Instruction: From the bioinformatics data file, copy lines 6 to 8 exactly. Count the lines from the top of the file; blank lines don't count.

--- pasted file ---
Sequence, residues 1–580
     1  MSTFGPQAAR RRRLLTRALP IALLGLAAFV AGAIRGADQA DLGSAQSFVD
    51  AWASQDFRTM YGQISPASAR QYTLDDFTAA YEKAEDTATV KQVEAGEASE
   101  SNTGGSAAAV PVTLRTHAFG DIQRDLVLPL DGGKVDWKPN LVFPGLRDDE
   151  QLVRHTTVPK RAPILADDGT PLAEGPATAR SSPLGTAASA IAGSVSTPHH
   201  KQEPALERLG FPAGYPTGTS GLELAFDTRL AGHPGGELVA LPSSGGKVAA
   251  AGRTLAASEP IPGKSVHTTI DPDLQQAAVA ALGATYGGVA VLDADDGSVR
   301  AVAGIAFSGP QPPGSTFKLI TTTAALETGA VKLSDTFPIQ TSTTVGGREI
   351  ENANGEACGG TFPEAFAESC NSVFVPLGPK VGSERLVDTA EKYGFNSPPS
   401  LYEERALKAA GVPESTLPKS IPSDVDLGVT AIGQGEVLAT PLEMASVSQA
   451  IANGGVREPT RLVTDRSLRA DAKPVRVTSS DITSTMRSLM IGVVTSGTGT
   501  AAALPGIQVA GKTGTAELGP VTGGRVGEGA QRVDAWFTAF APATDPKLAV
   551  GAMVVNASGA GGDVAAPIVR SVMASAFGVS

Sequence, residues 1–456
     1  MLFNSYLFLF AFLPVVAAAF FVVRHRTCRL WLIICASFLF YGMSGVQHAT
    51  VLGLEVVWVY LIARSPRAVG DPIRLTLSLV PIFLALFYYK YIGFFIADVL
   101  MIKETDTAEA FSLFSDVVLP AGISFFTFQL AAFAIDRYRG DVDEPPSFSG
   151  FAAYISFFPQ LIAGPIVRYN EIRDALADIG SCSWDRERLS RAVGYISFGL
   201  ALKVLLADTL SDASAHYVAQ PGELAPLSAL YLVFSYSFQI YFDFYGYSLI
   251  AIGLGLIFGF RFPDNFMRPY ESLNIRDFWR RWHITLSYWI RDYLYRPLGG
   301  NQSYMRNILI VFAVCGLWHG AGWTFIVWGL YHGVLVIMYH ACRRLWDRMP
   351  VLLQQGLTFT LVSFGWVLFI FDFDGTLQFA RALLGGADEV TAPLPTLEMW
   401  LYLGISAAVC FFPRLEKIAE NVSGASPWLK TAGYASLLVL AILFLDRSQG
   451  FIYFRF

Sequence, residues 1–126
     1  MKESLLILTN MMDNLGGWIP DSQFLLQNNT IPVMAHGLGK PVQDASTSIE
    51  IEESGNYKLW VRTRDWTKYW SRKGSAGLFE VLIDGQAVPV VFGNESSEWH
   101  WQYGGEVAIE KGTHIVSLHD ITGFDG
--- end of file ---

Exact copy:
   201  KQEPALERLG FPAGYPTGTS GLELAFDTRL AGHPGGELVA LPSSGGKVAA
   251  AGRTLAASEP IPGKSVHTTI DPDLQQAAVA ALGATYGGVA VLDADDGSVR
   301  AVAGIAFSGP QPPGSTFKLI TTTAALETGA VKLSDTFPIQ TSTTVGGREI